The Herald Bulletin

Morning Update

Opinion

January 14, 2014

Editorial: Ivy Tech cuts wise, just don't hurt us

Leaders at the Ivy Tech Community College want to reduce costs by restructuring the statewide series of campuses.

Anderson’s all for it, as long as it doesn’t delay the construction of a new campus on the city’s south side. So far, the state has pledged $20 million toward the $24 million campus; the remainder is to come from local revenue raising sources.

Ivy Tech is calling its cost-cutting strategy “the most substantial organizational changes” in its 50 years. The number of chancellors will decrease from 13 statewide to 11. Anderson, already with Muncie, Marion and New Castle in the East Central region, will be combined with Richmond and Connersville.

Why the cuts? The college had already announced a new academic structure that would help address the 1,200-to-1 student-adviser ratio by allowing students to enroll in meta-majors and “self-advise” online. And Ivy Tech’s funding per student has lagged behind other state institutions. Ivy Tech says its funding per full-time student has dropped from $3,248 to $2,543 between 2006 and 2012.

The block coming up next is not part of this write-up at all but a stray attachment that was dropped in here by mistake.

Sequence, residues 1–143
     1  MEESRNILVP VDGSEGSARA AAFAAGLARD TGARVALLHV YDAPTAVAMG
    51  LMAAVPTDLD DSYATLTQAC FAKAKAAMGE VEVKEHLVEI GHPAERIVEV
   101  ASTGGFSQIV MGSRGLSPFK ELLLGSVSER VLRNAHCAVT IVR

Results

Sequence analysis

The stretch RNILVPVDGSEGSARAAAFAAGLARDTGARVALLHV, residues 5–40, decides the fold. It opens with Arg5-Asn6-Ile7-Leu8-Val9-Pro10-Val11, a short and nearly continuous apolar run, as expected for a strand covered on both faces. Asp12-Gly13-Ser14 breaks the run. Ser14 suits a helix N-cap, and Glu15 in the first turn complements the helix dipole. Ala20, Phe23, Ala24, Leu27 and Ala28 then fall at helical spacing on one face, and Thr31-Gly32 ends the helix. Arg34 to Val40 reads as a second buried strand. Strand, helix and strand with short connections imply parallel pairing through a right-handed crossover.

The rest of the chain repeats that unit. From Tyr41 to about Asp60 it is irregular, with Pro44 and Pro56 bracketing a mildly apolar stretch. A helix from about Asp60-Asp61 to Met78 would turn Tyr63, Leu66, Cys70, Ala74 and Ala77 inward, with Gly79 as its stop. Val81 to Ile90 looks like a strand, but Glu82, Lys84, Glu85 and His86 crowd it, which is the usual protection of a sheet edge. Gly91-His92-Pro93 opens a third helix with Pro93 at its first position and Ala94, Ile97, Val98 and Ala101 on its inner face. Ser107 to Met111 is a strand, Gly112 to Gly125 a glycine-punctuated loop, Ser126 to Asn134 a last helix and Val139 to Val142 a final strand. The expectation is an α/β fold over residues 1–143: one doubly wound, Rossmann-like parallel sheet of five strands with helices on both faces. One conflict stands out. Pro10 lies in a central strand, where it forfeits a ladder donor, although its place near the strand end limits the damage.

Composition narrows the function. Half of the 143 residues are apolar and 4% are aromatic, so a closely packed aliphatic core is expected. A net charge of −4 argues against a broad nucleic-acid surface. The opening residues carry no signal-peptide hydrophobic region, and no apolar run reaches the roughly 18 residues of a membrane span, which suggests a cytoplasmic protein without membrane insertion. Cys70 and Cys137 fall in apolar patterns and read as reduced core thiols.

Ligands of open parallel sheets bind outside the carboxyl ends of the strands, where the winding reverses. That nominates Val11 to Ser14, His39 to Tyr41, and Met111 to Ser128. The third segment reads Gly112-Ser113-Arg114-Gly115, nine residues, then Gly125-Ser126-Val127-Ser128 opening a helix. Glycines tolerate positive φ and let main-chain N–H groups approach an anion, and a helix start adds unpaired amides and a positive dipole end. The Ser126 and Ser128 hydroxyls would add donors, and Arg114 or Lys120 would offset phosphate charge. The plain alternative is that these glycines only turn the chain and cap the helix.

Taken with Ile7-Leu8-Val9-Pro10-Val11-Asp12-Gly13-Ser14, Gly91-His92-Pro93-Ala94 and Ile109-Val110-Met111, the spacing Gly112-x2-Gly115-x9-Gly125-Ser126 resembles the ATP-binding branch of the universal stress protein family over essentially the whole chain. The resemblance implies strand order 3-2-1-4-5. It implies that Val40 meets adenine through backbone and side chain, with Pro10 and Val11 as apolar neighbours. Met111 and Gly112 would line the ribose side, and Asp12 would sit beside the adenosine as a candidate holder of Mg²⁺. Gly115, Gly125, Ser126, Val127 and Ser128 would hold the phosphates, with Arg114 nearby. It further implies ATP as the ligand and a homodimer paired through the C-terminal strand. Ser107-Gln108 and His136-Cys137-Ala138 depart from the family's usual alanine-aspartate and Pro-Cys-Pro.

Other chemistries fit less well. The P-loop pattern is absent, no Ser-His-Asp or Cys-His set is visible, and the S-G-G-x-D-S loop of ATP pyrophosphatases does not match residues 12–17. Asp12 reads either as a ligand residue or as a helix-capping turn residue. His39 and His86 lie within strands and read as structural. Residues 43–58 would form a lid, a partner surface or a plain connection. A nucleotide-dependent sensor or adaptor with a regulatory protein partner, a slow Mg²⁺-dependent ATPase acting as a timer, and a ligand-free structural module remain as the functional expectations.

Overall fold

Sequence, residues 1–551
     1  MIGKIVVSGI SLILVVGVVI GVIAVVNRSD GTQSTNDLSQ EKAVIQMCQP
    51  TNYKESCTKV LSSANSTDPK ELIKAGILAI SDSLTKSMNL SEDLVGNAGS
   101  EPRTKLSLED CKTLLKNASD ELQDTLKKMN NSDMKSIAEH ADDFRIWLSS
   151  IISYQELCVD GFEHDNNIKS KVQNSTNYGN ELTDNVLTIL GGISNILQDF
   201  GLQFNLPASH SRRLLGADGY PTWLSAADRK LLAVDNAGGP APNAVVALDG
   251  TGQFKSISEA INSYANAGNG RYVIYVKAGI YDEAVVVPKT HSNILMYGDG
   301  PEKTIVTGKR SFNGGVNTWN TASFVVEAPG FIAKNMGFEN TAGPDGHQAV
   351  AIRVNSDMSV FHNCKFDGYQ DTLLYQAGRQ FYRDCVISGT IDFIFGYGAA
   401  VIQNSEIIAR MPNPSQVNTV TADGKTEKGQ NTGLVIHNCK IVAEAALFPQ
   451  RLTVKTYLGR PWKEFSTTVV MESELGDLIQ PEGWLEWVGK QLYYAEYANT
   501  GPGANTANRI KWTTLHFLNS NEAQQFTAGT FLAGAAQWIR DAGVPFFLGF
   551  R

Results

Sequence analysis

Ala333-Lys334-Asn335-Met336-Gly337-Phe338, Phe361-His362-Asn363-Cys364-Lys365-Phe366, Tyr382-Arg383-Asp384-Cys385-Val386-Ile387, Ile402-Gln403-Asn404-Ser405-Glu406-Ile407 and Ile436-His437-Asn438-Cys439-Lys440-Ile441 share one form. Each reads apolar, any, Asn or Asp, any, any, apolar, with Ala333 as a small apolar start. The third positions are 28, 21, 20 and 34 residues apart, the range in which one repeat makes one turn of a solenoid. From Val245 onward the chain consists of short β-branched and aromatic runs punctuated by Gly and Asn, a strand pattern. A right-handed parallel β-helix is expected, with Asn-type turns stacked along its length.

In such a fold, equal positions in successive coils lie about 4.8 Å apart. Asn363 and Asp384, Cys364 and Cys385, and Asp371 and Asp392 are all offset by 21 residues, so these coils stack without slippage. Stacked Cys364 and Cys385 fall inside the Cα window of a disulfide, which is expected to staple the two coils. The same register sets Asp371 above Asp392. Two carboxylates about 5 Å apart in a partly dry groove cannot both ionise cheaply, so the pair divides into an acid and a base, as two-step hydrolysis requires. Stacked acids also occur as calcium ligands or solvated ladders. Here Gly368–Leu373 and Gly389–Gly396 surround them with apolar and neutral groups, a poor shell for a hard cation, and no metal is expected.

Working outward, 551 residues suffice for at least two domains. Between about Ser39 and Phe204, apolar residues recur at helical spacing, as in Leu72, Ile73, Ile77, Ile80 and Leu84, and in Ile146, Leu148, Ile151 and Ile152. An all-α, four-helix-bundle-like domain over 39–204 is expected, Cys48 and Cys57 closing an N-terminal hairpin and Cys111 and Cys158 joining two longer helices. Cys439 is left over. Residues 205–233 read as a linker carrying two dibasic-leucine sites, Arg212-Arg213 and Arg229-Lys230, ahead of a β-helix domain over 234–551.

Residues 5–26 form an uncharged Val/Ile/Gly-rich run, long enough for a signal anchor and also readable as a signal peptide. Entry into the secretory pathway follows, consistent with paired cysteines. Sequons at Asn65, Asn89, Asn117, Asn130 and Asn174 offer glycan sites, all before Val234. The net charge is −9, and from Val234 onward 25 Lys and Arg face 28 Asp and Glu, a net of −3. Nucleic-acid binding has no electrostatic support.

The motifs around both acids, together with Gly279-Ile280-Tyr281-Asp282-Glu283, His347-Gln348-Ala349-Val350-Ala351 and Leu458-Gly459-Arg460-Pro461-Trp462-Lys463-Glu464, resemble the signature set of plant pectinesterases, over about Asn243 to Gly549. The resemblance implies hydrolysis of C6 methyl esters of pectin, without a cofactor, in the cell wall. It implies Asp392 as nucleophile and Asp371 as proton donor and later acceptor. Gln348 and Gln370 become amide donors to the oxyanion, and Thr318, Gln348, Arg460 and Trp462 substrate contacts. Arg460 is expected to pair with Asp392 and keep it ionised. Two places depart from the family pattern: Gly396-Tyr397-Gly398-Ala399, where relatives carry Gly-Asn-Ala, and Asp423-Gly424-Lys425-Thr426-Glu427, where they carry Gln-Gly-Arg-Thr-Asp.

Additionally, Gov Mike Pence is asking for all state institutions to cut 2 percent out of their budgets during the second half of 2014, which amounts to about $4 million for Ivy Tech.

And with the economy seeming to rebound, it may be a safe prediction that enrollment could drop for those returning to college to find a new career.

All this is understandable. But Anderson has waited years for a new campus to be constructed along Interstate 69 west of Scatterfield Road. Funding is nearly secure. Road improvements are being made to accommodate commuting students. There’s too much riding on the presence of a campus here and funding promises have already been made.

So, let’s be clear on this. Cost-cutting measures in state colleges are a sign of the economic times we live in. But pledges already made should stay in place.

In summary Ivy Tech Community College is making wise cuts in trimming costs but a pledge to build an Anderson campus should be kept.

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